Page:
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Physical Fitness in Adolescence and Subsequent Inflammatory Bowel Disease Risk
Örebro University, School of Health and Medical Sciences, Örebro University, Sweden. Department of Clinical Epidemiology and Biostatistics.
Örebro University, School of Health and Medical Sciences, Örebro University, Sweden. Department of Clinical Epidemiology and Biostatistics.ORCID iD: 0000-0002-2088-0530
Örebro University, School of Law, Psychology and Social Work, Örebro University, Sweden. Department of Clinical Epidemiology and Biostatistics.
Örebro University, School of Medicine, Örebro University, Sweden. Department of Gastroenterology.ORCID iD: 0000-0003-0122-7234
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2015 (English)In: Clinical and Translational Gastroenterology, ISSN 2155-384X, E-ISSN 2155-384X, Vol. 6, e121Article in journal (Refereed) Published
Abstract [en]

Objectives: Physical fitness may reduce systemic inflammation levels relevant to the risk of symptomatic Crohn's disease (CD) and ulcerative colitis (UC); we assessed if fitness in adolescence is associated with subsequent inflammatory bowel disease (IBD) risk, independent of markers of risk and prodromal disease activity.

Methods: Swedish registers provided information on a cohort of 240,984 men (after exclusions) who underwent military conscription assessments in late adolescence (1969-1976). Follow-up started at least 4 years after the conscription assessment until 31 December 2009 (up to age 57 years). Cox's regression assessed the association of physical fitness with CD (n=986) and UC (n=1,878) in separate models, with adjustment including: socioeconomic conditions in childhood; physical fitness, height, body mass index, and erythrocyte sedimentation rate (ESR) in adolescence; and subsequent diagnoses of IBD.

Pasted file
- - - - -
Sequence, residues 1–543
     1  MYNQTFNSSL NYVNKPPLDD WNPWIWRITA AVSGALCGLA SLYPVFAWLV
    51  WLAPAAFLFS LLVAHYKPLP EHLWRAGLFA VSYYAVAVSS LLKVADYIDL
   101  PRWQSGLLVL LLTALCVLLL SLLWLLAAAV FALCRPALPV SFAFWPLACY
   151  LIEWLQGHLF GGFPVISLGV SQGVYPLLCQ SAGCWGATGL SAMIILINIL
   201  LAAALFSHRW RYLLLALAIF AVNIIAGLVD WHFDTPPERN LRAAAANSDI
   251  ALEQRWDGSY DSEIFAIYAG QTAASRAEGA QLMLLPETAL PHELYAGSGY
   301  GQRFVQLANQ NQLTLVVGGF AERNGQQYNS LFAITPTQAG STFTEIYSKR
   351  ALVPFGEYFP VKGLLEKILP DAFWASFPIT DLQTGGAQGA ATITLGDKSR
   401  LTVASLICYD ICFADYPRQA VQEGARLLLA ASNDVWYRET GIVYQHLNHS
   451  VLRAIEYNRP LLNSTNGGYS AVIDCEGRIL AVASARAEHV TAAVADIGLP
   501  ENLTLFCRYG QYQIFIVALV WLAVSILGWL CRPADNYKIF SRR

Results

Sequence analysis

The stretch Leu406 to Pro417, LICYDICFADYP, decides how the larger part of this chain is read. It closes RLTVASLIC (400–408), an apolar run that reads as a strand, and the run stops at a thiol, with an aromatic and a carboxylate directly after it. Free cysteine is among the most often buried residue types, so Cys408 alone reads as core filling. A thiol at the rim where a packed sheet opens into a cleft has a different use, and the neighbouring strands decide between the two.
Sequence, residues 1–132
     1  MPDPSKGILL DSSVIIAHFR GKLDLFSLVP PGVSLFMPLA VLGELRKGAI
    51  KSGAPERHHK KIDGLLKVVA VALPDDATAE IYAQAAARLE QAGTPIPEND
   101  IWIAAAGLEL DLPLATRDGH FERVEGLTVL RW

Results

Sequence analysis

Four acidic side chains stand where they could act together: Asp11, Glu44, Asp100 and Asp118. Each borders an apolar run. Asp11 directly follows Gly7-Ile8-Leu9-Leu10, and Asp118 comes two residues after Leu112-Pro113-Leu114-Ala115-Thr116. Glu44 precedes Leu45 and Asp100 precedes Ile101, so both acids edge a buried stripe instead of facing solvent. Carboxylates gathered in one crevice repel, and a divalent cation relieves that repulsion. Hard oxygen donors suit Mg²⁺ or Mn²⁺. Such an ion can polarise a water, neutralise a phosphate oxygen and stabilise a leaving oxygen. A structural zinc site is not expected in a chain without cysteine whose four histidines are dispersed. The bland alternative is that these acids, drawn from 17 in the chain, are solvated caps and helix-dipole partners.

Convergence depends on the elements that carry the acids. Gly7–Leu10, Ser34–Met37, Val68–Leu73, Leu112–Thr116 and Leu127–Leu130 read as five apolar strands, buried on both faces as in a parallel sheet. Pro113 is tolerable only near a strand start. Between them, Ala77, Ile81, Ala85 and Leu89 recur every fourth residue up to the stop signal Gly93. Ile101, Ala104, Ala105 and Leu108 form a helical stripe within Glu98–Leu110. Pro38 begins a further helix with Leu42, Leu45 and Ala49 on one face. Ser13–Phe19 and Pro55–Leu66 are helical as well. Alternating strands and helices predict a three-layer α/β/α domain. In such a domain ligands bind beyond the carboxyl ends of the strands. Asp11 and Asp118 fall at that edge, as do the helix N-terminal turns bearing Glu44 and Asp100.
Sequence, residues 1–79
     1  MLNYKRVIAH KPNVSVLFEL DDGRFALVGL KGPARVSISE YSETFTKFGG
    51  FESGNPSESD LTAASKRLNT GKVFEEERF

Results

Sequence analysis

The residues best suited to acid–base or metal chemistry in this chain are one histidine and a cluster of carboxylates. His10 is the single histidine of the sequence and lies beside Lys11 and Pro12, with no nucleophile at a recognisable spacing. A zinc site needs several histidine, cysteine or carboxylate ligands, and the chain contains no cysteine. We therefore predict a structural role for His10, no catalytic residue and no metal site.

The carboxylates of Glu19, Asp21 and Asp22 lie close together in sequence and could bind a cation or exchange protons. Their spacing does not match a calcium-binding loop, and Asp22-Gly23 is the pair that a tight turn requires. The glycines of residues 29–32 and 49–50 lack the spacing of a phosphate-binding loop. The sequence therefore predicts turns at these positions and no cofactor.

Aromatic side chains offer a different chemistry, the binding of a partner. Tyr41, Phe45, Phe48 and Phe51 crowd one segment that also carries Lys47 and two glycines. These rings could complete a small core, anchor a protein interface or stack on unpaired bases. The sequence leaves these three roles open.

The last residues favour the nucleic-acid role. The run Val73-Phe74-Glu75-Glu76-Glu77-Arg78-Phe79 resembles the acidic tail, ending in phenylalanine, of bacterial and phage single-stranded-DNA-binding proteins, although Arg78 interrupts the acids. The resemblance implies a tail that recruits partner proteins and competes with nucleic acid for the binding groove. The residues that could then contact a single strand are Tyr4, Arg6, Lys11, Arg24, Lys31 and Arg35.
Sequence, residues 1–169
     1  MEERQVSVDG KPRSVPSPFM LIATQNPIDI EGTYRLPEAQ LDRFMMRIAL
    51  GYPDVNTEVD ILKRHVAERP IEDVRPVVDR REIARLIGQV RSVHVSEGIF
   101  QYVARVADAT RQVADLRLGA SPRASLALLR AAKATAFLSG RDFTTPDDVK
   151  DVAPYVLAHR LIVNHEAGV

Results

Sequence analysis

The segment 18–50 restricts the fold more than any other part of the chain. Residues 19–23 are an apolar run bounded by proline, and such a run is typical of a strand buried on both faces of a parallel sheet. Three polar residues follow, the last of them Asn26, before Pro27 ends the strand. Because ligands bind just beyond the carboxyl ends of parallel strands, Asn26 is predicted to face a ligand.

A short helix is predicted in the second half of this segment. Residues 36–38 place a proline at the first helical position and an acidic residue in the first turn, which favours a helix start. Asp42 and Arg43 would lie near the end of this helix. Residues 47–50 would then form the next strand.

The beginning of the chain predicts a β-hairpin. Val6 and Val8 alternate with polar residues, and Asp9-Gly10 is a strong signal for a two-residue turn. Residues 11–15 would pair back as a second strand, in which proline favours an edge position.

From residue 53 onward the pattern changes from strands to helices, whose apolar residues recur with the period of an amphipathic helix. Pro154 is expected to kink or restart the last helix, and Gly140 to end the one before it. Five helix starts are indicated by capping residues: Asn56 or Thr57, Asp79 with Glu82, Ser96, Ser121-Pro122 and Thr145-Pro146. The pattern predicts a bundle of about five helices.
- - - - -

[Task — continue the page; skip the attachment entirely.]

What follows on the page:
Results: Low fitness was associated with a raised risk of IBD, with unadjusted hazard ratios (and 95% confidence intervals) of 1.62 (1.31-2.00) for CD and 1.36 (1.17-1.59) for UC. The results were attenuated by adjustment, particularly for markers of prodromal disease activity to 1.32 (1.05-1.66) and 1.25 (1.06-1.48), respectively. Raised ESR in adolescence was associated with increased risks for subsequent CD (5.95 (4.47-7.92)) and UC (1.92 (1.46-2.52)).

Conclusions: The inverse association of physical fitness with IBD risk is consistent with a protective role for exercise. However, evidence of disease activity before diagnosis was already present in adolescence, suggesting that some or all of the association between fitness and IBD may be due to prodromal disease activity reducing exercise capacity and therefore fitness.

Place, publisher, year, edition, pages
New York, USA: Nature Publishing Group, 2015. Vol. 6, e121
National Category
Medical and Health Sciences Gastroenterology and Hepatology
Identifiers
URN: urn:nbn:se:oru:diva-47188DOI: 10.1038/ctg.2015.49ISI: 000372104700002PubMedID: 26540026Scopus ID: 2-s2.0-84946544131OAI: oai:DiVA.org:oru-47188DiVA: diva2:888095
Funder